cyberbullying (191) parents (156) social networking (152) safety (144) resources (138) reputation (132) support (92) monitoring (78) Bullying (71) privacy (64) training (64) sexting (63) research (58) reports (51) texting (44) gaming (35) facebook (34) StandUp (32) reporting (25) suicide (20) app (18) harassment (18) events (17) job (2) jobs (2)

Saturday, June 30, 2012

GA - Summary Judgment in Favor of School District in Bullying Case

GA - Summary Judgment in Favor of School District in Bullying Case 
On May 21, 2012, the Northern District of Georgia in Long v. Murray County School District, Case No. 4:10-CV-00015-HLM, entered summary judgment in favor of the Murray County School District ("Murray") in a multi-count lawsuit brought by the parents of a deceased student named Tyler. Tyler was a high school male with Asperger's Syndrome who committed suicide on October 17, 2009, after suffering from constant bullying in school. In the lawsuit, Plaintiffs alleged that Defendants' "failure to intervene, investigate, correct, or train their employees to adequately protect Tyler from bullying was the sole or a substantial contributing cause of Tyler's decision to take his own life."  Murray maintained that it properly addressed the incidents of bullying. In the lawsuit, Plaintiffs brought claims under Section 1983 (Equal Protection and Substantive Due Process), the ADA, Section 504, and state law (public nuisance).  Plaintiffs also sought punitive damages and attorney's fees.  Ultimately, Defendants prevailed on all claims.  With respect to Plaintiffs' deliberate indifference argument, the Court reasoned, "[a]lthough Plaintiffs establish that Defendants should have done more to address disability harassment, Plaintiffs fail to meet the high bar of deliberate indifference and demonstrate that Defendants' response was clearly unreasonable."

Wednesday, June 20, 2012

Google Talk Tip

Google Talk: What does it mean to go off the record? We know that sometimes, we don't want a particular chat, or chats with a specific person, to be saved. Most existing IM services give no indication of whether the person you're chatting with is saving your conversation. But when chatting in Google Talk or Gmail, you can go "off the record," so that nothing typed from that point forward gets automatically saved in anyone's Gmail account. Going off the record applies to individual people, and is persistent across chats. That means once you go off the record with a particular person, you will always be off the record with him or her, even if you close the chat window, and the two of you don't chat again until several months later. You will not need to go off the record each time you chat with the same person, but you will need to make this decision for each person you chat with. We've designed this to be a socially-negotiated setting because we want to give users full disclosure and control over whether the person they're talking to can save their chat. To go off the record while chatting, click the Options button and select "Go off the record" from the dropdown menu. Both people can go off the record or stop chatting off the record at any time, and we will always notify both people of such a change.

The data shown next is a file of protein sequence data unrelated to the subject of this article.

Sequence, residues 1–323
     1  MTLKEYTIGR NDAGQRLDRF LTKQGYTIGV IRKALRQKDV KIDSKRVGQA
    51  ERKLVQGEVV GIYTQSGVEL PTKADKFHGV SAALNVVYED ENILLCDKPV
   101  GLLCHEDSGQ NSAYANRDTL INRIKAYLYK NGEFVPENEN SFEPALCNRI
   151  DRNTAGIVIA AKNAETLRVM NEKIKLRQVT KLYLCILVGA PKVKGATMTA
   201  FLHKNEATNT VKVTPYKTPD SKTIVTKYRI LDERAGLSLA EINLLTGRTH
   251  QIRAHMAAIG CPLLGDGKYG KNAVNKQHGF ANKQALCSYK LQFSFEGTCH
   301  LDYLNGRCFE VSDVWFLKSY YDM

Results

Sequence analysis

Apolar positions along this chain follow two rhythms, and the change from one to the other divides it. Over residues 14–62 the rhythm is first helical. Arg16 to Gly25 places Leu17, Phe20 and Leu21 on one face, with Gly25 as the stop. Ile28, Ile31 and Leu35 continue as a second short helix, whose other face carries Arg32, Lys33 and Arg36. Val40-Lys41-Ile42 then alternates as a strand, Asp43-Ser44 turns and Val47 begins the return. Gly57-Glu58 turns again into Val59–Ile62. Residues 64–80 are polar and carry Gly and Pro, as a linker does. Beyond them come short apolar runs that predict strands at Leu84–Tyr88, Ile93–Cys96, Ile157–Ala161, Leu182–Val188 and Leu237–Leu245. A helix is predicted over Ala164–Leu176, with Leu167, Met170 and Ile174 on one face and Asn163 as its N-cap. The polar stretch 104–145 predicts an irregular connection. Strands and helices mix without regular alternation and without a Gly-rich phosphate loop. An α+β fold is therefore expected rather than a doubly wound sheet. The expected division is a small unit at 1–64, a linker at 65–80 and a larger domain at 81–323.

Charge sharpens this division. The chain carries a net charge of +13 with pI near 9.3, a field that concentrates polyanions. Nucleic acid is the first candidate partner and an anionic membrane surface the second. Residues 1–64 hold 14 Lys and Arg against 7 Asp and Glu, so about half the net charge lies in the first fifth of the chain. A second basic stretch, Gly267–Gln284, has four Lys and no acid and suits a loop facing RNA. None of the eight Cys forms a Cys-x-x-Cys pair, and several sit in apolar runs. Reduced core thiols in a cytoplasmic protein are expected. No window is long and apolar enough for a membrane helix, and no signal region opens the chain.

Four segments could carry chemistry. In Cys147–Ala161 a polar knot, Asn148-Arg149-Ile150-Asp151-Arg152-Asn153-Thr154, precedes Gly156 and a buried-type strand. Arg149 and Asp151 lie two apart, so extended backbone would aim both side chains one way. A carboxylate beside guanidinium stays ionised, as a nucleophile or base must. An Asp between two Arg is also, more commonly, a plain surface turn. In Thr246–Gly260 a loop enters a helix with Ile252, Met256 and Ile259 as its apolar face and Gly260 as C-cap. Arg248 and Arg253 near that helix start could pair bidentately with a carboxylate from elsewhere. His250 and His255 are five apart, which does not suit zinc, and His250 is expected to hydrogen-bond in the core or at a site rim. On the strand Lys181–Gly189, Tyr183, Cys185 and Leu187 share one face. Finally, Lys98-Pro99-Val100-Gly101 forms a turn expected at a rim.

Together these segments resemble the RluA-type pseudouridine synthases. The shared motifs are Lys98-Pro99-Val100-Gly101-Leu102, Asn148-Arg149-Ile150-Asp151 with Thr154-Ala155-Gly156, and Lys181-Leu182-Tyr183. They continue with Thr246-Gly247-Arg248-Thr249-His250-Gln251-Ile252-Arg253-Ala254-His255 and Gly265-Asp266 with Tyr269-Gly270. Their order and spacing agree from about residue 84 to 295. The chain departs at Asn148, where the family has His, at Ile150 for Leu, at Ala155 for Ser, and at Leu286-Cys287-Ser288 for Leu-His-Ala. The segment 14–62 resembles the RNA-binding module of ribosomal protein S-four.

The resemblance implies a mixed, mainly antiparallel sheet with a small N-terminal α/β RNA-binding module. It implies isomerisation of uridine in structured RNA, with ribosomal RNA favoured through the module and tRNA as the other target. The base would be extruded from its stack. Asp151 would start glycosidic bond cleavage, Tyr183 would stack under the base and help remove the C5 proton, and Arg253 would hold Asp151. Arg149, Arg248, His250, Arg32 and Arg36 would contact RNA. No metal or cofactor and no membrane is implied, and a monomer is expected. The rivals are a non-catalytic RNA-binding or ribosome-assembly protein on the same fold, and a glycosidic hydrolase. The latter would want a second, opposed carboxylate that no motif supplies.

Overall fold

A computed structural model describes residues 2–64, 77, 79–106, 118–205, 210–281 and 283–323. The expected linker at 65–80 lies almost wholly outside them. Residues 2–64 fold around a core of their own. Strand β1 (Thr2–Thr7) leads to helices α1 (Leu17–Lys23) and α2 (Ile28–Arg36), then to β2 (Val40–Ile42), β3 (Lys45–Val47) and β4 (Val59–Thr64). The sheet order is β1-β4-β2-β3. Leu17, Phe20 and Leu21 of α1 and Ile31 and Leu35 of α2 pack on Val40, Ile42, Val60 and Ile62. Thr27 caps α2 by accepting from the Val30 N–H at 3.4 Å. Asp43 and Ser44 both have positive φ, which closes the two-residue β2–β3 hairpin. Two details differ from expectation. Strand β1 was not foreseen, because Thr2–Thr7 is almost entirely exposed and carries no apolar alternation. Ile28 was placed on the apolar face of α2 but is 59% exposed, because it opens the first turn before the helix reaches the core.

Does going off the record ensure that my chats won't be saved anywhere?
Unfortunately not. People can choose to access Google Talk using a variety of third party clients and some clients save chats locally to the users' computers. We can only guarantee that when you go off the record, the chat history is not being automatically saved or made searchable in either person's Gmail account. We can't guarantee what the other person is doing, since, as is the case for all chats, the other person could always be cutting and pasting, and saving the contents of the chat elsewhere.

Read more:

Monday, June 18, 2012

New York lawmakers to pass state's first cyberbullying law

ALBANY — State lawmakers are expected to pass New York’s first law addressing the growing problem of cyberbullying.
After weeks of intense negotiations, Gov. Cuomo submitted late Friday night an anti-cyberbullying bill that lawmakers are scheduled to take up before ending the legislative session on Thursday.
The bill requires schools to develop proper protocol to deal with complaints of email, texting or online harassment and designate an official to handle investigations.
Districts will also have to develop preemptive measures to prevent recurrences and create age-appropriate curriculum for students from kindergarten to 12th grade on “safe, responsible use of Internet and electronic communications” as well as “civility, citizenship and character education.”
Read more:

Saturday, June 16, 2012

Skout’s ‘Flirt, Friend, Chat’ May Be Fine For Adults, But Not For Kids

by Larry Magid

This article appeared in the San Jose Mercury News

When you go to download Skout on an iPhone, the tagline is “flirt, friend, chat,” and you’re invited to “join the fastest growing FREE social scene with millions of guys and girls waiting to meet you!” Skout’s iPhone icon is a heart. And, thanks to the phone’s location awareness, you can even find people who are nearby.
There is nothing wrong with services like this as long as they’re used with appropriate safeguards, and Skout does offer safety tips for meeting people offline. But there have been three reported cases of teenage users being raped by adults — posing online as teenagers — who found them on Skout.
After the reports surfaced, the service quickly suspended its teen services and, for the time being at least, it’s only open to people over 18. In a blog post, Skout CEO Christian Wiklund wrote “Under our zero-tolerance policy, we immediately ban users for inappropriate or suspicious behavior. Also, unlike many location-based apps, Skout provides general rather than specific location information, empowering each community member to decide if, when and where to meet in person.”
But he added, ‘it’s become clear to us that these measures aren’t enough. In recent weeks, we’ve learned of several incidents involving a few bad actors trying to take advantage of some of our younger members.”
Skout was initially set up for adults only but added teens about a year ago. Wiklund wrote that “we thought long and hard about how to set up a safe network for teens,” which included efforts to separate teens from adults on the service.